In past reports, and again this year, the Board of Trustees has emphasized the strong likelihood that actual Part B expenditures will exceed the projections under current law due to further legislative action to avoid substantial reductions in the Medicare physician fee schedule. While the Part B projections in this report are reasonable in their portrayal of future costs under current law, they are not reasonable as an indication of actual future costs. Current law would require a physician fee reduction of an estimated 29.4 percent on January 1, 2012—an implausible expectation.
Without major changes in health care delivery systems, the prices paid by Medicare for health services [under the cuts required in the new law] are very likely to fall increasingly short of the costs of providing these services. By the end of the long-range projection period, Medicare prices for hospital, skilled nursing facility, home health, hospice, ambulatory surgical center, diagnostic laboratory, and many other services would be less than half of their level under the prior law. Medicare prices would be considerably below the current relative level of Medicaid prices, which have already led to access problems for Medicaid enrollees, and far below the levels paid by private health insurance. Well before that point, Congress would have to intervene to prevent the withdrawal of providers from the Medicare market and the severe problems with beneficiary access to care that would result. Overriding the productivity adjustments, as Congress has done repeatedly in the case of physician payment rates, would lead to far higher costs for Medicare in the long range than those projected under current law.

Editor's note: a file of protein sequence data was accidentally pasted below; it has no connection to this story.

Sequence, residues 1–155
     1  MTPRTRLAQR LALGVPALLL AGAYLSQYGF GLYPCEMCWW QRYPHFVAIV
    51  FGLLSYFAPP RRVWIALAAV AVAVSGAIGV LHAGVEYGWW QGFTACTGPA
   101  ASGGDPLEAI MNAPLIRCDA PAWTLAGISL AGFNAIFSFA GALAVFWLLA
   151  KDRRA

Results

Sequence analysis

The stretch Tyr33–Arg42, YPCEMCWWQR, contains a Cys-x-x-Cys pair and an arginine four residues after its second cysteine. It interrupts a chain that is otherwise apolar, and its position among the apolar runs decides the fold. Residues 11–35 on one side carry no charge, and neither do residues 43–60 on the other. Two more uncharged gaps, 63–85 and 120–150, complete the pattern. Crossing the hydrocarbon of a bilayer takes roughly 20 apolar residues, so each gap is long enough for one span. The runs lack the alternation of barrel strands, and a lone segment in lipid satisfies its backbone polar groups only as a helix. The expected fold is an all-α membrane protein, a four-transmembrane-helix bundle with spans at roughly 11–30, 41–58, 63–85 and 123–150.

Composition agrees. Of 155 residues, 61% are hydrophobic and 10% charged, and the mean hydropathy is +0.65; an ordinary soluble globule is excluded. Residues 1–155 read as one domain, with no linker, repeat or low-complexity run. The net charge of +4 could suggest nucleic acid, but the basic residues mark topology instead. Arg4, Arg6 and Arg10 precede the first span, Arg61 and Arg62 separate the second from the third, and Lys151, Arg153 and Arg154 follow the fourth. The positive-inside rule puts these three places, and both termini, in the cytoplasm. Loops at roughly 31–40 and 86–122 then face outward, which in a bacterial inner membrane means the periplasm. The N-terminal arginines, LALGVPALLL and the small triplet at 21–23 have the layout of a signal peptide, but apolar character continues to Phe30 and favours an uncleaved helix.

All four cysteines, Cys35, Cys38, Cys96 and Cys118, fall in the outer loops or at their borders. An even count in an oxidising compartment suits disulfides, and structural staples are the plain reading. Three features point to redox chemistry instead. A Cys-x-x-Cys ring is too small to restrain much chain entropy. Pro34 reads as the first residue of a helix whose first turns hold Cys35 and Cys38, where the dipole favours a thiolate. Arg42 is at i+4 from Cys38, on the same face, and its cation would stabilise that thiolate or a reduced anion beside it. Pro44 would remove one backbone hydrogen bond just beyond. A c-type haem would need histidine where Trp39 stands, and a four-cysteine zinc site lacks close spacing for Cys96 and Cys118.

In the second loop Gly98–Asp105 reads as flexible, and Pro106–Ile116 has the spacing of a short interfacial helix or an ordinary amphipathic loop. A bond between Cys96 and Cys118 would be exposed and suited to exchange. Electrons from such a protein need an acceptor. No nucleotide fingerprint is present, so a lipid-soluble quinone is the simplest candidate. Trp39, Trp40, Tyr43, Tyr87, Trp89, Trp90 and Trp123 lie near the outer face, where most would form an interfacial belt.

For these reasons, the financial projections shown in this report for Medicare do not represent a reasonable expectation for actual program operations in either the short range (as a result of the unsustainable reductions in physician payment rates) or the long range (because of the strong likelihood that the statutory reductions in price updates for most categories of Medicare provider services will not be viable).